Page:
The Rock was Rocky Colavito, the 26-year-old outfielder who’d just led the American League with 42 home runs. Trader Frank was Indians general manager Frank Lane, who was famous for (you guessed it) making trades. Just two days before opening day in 1960, Lane traded Colavito straight up to the Tigers for outfielder Harvey Kuenn, who’d just led the American League with a .353 batting average. “I say we swapped a hamburger for a steak,” Lane said at the time. “Colavito will hit a home run every 14 at-bats. It’s the other 13 at-bats that are frustrating. It’s a home run or nothing with him … and there was plenty of nothing.”

Kuenn, though, was a few years older than Colavito, and his best years were behind him. Colavito continued his slugging over four years in Detroit, hit 34 homers in a purgatorial season with the Kansas City A’s and finally returned to the Indians in a terrible three-team trade that cost them two future stars in pitcher Tommy John and future Rookie of the Year Tommie Agee.

The best thing you can say about that trade is that Lane didn’t make it. Gabe Paul, who would also become a co-owner of the franchise, succeeded him, but Paul’s regime lasted just a few years, beginning a trend that would persist for some decades.


Historically, there’s been one common trait for woebegotten sports franchises: poor ownership. Sometimes it’s one lousy owner, and sometimes it’s a series of them. The Indians suffered from the latter. First, there was the under-financed Paul, then the under-financed “frozen food king” Vernon Stouffer, then the under-financed “sports entrepreneur” Nick Mileti, then the under-financed “computer magnate” Ted Bonda, then the under-financed “transportation tycoon” Steve O’Neill, and finally the under-financed estate of Steve O’Neill.

If there’s one thing we know about sports ownership, it’s that estate ownership is practically never a good thing.

Dennis Eckersley
Dennis Eckersley is on the long list of former Indians that were traded away. (Getty)

Through all those years, the Indians made any number of lousy trades, and very few good ones. Both Colavito deals were disastrous. But they also traded Roger Maris, Norm Cash, Luis Tiant, Graig Nettles, Chris Chambliss and Dennis Eckersley, generally receiving (as things turned out) little in return.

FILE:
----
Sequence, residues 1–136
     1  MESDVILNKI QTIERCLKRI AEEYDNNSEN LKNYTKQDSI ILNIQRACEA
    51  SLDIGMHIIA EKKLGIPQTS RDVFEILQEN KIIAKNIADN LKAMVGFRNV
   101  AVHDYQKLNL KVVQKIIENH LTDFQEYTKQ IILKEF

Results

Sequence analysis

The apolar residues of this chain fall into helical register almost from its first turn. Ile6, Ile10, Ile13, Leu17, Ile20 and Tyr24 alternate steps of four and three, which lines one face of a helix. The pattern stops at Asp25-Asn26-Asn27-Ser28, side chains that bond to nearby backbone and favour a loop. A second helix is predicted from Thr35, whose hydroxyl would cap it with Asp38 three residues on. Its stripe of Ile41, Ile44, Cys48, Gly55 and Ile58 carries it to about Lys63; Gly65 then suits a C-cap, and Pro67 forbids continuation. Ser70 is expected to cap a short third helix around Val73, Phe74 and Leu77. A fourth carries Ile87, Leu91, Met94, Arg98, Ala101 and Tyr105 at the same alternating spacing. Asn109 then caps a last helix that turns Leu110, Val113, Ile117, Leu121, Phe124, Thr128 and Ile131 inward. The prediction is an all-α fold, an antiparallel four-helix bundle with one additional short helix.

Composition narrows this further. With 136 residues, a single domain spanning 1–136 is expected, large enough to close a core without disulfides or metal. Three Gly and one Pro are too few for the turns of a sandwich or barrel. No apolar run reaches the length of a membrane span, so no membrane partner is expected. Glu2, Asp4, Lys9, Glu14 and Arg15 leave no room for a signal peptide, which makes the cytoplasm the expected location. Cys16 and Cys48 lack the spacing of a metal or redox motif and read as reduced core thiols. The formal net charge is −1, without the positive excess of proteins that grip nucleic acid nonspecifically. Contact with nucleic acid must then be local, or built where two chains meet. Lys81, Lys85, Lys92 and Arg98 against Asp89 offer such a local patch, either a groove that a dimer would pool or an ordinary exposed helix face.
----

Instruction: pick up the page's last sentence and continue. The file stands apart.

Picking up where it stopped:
About the best you could say about all those owners? They didn’t move the Indians, or sell the Indians to someone who wanted to move them, to Denver or Florida or New Orleans or some other damned place. But the constant shuffling of ownership led to constant shufflings of general managers and managers, along with a general inability or unwillingness to invest in the major league roster, the farm system or the physical plant.

After a surprising (and illusory) third-place finish in the 10-team American League in 1968, the Indians fell to last place in 1969 and wouldn’t finish higher than fourth in their division during the next quarter of a century. In 1981, baseball historian Bill James wrote, “Trying to get rid of a losing attitude in Cleveland must be like trying to stamp out venereal disease around an army base.”

By the spring of 1987, though, it seemed that the franchise’s fortunes finally were turning. The Indians had brand-new owners — brothers Dick and David Jacobs, who made real fortunes building shopping malls — and were coming off a season in which they’d actually led the American League in scoring. Which led Sports Illustrated to infamously proclaim on their baseball preview cover, “Believe it! Cleveland is the best team in the American League.”

This, as James would point out the next winter, constituted the M.P.E. — Maximum Possible Error — for the Indians, who finished with the American League’s worst record in 1987, 61-101. And that wouldn’t even be the worst of it. After a few respectable seasons — shades of the late 1950s — the Indians hit bottom in 1991 with a franchise-record 105 losses.